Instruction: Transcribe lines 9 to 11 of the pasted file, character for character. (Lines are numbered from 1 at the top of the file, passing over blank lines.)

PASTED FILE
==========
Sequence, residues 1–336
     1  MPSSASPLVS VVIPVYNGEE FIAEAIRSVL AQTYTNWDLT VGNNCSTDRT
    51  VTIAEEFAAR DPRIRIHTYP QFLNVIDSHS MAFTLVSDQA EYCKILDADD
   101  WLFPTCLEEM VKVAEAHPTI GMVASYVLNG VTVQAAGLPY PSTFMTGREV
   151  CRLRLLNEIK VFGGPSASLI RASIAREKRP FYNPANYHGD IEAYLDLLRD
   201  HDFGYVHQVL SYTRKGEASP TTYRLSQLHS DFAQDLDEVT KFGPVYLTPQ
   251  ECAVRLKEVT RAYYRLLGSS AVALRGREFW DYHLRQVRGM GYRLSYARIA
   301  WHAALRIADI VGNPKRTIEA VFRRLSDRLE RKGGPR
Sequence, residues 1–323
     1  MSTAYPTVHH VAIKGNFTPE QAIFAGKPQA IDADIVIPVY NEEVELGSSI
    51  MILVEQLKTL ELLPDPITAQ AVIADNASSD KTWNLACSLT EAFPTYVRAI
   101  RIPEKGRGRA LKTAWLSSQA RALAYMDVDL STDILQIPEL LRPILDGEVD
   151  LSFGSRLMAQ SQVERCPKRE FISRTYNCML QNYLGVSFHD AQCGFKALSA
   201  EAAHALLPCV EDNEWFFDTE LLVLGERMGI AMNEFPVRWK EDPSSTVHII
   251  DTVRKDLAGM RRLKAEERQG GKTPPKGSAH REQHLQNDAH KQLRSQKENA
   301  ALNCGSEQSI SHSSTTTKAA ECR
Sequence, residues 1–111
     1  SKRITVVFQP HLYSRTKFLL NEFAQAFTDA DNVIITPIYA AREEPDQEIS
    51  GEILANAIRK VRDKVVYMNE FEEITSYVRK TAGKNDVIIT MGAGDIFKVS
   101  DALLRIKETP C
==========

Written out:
Sequence, residues 1–323
     1  MSTAYPTVHH VAIKGNFTPE QAIFAGKPQA IDADIVIPVY NEEVELGSSI
    51  MILVEQLKTL ELLPDPITAQ AVIADNASSD KTWNLACSLT EAFPTYVRAI